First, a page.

Perhaps life in the UAE has its fair share of fantasy already, but the UAE chart is marked in its difference from the rest of the world by the absence of animation — the world number one Shrek II only made it in at number 14, with the likes of Shark Tale even further down the list. Cinema-going in the UAE has yet to become a family outing. Meanwhile, the predominantly young, male multiplex audience, with its healthy appetite for stars and tribal action, propelled critically panned behemoths Troy and Alexander way up the list, not to mention Tom Cruise beating the Japanese at their own game in The Last Samurai (world box office ranking: 111; UAE ranking: 4). Key local distributor Salim Ramia, of Gulf Film, notes the UAE audience’s enthusiasm for action-adventures told with big screen brush-strokes of “honor” and “passion.” A visiting film anthropologist with a fondness for exotica might like to dwell on the Emirates’s recent history of dramatic inter-tribal disputes; we could also put the UAE cinema audience’s affection for epic dramas down to easy-digested pure entertainment, while noting that the biggest distributor of these Hollywood films also happens to own most of the cinemas.

Apart from these minor box office quirks, the only local oddity is that of the presence of an Arab film in the top ten. Unfortunately, for our Starbucks dodgers, Awkal Al Limbi is no plucky art-house number but the third outing for Mohamed Saad’s working class loser-hero Al Limbi, and representative of a popular yet asinine breed of Egyptian escapist blockbuster comedies. Al Ahram critic Mohamed El-Assyouti, like many despairing Arab film critics forced to write about populist cinema, was dismissive. “The only real fun is being had by the beneficiaries of all that box office money,” he sniffed.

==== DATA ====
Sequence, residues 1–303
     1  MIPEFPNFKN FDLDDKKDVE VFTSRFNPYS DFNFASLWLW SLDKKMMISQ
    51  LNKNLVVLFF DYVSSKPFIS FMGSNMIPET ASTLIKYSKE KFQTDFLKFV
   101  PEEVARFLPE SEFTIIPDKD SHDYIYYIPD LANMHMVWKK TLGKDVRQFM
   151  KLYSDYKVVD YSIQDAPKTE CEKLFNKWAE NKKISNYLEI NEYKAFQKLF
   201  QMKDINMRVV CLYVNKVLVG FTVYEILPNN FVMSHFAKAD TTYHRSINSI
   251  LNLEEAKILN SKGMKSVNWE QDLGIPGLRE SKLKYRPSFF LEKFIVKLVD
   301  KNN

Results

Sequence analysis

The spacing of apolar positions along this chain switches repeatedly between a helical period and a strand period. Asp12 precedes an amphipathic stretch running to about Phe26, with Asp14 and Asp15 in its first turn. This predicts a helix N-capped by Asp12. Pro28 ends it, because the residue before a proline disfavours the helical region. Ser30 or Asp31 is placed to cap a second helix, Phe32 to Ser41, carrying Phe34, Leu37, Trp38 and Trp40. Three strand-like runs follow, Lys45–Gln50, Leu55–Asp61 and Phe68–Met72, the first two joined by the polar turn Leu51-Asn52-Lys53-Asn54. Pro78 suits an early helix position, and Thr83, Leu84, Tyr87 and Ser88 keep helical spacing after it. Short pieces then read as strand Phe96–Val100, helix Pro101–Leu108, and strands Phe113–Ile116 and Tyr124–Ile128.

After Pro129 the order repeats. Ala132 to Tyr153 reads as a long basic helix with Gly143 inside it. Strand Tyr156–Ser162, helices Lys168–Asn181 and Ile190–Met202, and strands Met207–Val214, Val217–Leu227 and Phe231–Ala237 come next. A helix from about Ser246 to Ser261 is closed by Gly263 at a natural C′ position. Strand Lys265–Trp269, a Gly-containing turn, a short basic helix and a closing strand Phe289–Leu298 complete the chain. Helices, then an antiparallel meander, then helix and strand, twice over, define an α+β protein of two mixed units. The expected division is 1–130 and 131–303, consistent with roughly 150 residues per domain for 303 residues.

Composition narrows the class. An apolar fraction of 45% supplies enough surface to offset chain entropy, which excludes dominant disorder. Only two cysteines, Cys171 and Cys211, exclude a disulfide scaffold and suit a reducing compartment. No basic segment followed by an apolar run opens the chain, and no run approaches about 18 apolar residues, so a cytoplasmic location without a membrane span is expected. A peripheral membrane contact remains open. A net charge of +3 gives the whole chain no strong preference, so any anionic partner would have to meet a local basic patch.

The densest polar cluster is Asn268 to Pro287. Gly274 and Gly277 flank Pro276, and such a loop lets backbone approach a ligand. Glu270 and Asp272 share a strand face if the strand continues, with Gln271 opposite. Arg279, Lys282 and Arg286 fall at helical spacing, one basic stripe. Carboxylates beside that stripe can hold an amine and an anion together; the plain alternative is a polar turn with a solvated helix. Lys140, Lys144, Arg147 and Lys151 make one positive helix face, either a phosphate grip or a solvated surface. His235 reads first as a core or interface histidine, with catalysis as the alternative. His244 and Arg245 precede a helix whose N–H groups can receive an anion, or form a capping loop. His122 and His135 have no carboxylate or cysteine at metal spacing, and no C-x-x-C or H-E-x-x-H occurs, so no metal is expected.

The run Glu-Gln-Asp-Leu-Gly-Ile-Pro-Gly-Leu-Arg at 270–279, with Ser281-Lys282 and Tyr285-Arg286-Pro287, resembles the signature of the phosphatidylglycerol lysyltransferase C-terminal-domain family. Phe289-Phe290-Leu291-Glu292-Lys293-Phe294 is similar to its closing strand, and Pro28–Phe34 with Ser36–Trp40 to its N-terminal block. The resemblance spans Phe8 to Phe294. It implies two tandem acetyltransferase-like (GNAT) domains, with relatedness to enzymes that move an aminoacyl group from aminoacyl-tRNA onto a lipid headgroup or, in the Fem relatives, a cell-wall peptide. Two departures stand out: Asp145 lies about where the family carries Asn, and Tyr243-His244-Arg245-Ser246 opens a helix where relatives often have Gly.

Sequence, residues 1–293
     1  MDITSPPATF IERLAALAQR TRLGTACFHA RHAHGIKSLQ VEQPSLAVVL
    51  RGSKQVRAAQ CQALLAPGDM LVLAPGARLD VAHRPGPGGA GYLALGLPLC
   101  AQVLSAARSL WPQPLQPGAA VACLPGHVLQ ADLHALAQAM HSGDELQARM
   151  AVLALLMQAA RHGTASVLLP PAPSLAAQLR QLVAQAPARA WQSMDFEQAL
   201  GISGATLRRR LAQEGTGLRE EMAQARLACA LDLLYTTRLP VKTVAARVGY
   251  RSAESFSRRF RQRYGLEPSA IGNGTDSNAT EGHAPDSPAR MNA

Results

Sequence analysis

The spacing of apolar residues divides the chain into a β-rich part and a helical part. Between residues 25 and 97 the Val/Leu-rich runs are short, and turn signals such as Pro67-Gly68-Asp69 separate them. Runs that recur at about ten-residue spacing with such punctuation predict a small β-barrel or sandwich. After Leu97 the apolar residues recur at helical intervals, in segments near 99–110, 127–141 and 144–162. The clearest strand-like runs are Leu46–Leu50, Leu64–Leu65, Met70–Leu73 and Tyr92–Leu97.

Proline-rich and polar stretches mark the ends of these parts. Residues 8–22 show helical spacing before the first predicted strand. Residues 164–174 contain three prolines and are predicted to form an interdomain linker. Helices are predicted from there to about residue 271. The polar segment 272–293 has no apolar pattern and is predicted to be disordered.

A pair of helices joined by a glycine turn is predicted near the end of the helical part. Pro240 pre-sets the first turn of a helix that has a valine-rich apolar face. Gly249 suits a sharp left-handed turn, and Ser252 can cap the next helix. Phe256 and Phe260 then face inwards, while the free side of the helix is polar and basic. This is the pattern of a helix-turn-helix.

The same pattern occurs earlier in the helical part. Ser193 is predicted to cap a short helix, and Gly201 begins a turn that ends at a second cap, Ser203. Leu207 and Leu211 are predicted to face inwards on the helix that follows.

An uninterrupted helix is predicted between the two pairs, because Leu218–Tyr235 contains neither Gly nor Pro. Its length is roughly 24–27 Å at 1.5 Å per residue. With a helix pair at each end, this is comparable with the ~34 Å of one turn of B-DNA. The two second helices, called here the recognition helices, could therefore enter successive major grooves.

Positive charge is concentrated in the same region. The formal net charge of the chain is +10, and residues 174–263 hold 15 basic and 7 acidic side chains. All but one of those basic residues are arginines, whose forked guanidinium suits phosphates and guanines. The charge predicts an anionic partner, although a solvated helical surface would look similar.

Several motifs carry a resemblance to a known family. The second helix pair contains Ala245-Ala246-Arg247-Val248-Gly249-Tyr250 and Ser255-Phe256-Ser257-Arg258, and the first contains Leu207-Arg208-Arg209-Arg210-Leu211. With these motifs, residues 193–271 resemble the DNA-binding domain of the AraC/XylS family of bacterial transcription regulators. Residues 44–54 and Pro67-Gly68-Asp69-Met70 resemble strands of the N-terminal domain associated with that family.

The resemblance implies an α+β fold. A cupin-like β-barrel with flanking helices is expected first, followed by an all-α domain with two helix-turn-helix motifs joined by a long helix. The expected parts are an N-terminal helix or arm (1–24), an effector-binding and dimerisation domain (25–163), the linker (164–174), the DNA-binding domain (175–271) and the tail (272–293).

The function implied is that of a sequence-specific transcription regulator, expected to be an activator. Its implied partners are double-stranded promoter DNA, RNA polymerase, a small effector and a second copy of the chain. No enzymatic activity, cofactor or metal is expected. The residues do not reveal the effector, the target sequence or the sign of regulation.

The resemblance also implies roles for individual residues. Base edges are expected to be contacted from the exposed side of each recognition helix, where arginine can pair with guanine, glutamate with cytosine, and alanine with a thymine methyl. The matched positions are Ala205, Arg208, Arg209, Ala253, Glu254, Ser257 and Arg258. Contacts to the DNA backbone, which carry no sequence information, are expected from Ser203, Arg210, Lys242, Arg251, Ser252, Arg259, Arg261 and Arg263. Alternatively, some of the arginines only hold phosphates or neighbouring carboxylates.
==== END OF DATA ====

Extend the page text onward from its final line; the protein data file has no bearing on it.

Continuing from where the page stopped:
And in the UAE, those box office dirhams continue to pile up. At the end of this year, two new megaplex cinemas are due to open in Dubai. The first, at the Mall of the Emirates, a 2-million-square-foot complex housing “the world’s first alpine-themed, all-inclusive indoor ski resort,” is a mere fourteen-screener. The second, part of the Ibn Battuta Shopping Mall, includes twenty-one screens plus an IMAX cinema. Chairman of development company Nakheel, Sultan Ahmed bin Sulayem, explained the inspiration behind the latter’s “authentic” wind towers, Persian domes and so on: “We have named the mall after the Arab hero which will… generate interest among the tourists who will find the mall exotic, entertaining, educational, and at the same time enable them to experience a themed, shopping experience.” At present, all the screens, like other cinemas in the UAE, will be dedicated to the all-conquering blockbuster; after all, the developer couldn’t have better summed up Hollywood’s intentions when it came to creating Alexander, Troy and other “Arabian” action heroes for the silver screen.